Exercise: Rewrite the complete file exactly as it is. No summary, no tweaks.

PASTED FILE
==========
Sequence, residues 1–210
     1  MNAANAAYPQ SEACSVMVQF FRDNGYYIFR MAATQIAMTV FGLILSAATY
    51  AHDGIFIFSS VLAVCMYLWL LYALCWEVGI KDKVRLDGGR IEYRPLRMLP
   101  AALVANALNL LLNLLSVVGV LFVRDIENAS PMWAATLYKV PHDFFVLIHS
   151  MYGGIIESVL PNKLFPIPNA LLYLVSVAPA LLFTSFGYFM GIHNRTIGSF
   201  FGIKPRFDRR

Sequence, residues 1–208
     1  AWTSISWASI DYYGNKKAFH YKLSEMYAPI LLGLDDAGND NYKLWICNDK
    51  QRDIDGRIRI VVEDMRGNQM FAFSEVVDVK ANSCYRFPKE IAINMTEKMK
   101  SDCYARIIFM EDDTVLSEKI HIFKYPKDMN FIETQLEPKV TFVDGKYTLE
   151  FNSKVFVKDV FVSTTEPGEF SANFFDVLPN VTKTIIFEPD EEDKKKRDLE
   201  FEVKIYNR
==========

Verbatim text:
Sequence, residues 1–210
     1  MNAANAAYPQ SEACSVMVQF FRDNGYYIFR MAATQIAMTV FGLILSAATY
    51  AHDGIFIFSS VLAVCMYLWL LYALCWEVGI KDKVRLDGGR IEYRPLRMLP
   101  AALVANALNL LLNLLSVVGV LFVRDIENAS PMWAATLYKV PHDFFVLIHS
   151  MYGGIIESVL PNKLFPIPNA LLYLVSVAPA LLFTSFGYFM GIHNRTIGSF
   201  FGIKPRFDRR

Sequence, residues 1–208
     1  AWTSISWASI DYYGNKKAFH YKLSEMYAPI LLGLDDAGND NYKLWICNDK
    51  QRDIDGRIRI VVEDMRGNQM FAFSEVVDVK ANSCYRFPKE IAINMTEKMK
   101  SDCYARIIFM EDDTVLSEKI HIFKYPKDMN FIETQLEPKV TFVDGKYTLE
   151  FNSKVFVKDV FVSTTEPGEF SANFFDVLPN VTKTIIFEPD EEDKKKRDLE
   201  FEVKIYNR